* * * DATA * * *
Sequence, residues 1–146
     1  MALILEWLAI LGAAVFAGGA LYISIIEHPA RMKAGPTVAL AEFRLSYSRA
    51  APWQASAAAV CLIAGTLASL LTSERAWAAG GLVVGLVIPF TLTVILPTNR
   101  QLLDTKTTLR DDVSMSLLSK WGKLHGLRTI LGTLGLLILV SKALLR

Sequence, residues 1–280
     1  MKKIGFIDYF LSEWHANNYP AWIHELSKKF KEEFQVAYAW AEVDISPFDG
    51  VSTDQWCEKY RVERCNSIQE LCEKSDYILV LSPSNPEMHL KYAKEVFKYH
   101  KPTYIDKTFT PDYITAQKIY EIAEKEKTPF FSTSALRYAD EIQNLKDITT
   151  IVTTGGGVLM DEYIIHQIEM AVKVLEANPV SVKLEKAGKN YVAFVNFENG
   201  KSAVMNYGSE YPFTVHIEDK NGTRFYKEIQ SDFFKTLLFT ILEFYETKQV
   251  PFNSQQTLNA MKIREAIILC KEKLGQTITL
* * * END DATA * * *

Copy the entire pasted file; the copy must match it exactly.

Sequence, residues 1–146
     1  MALILEWLAI LGAAVFAGGA LYISIIEHPA RMKAGPTVAL AEFRLSYSRA
    51  APWQASAAAV CLIAGTLASL LTSERAWAAG GLVVGLVIPF TLTVILPTNR
   101  QLLDTKTTLR DDVSMSLLSK WGKLHGLRTI LGTLGLLILV SKALLR

Sequence, residues 1–280
     1  MKKIGFIDYF LSEWHANNYP AWIHELSKKF KEEFQVAYAW AEVDISPFDG
    51  VSTDQWCEKY RVERCNSIQE LCEKSDYILV LSPSNPEMHL KYAKEVFKYH
   101  KPTYIDKTFT PDYITAQKIY EIAEKEKTPF FSTSALRYAD EIQNLKDITT
   151  IVTTGGGVLM DEYIIHQIEM AVKVLEANPV SVKLEKAGKN YVAFVNFENG
   201  KSAVMNYGSE YPFTVHIEDK NGTRFYKEIQ SDFFKTLLFT ILEFYETKQV
   251  PFNSQQTLNA MKIREAIILC KEKLGQTITL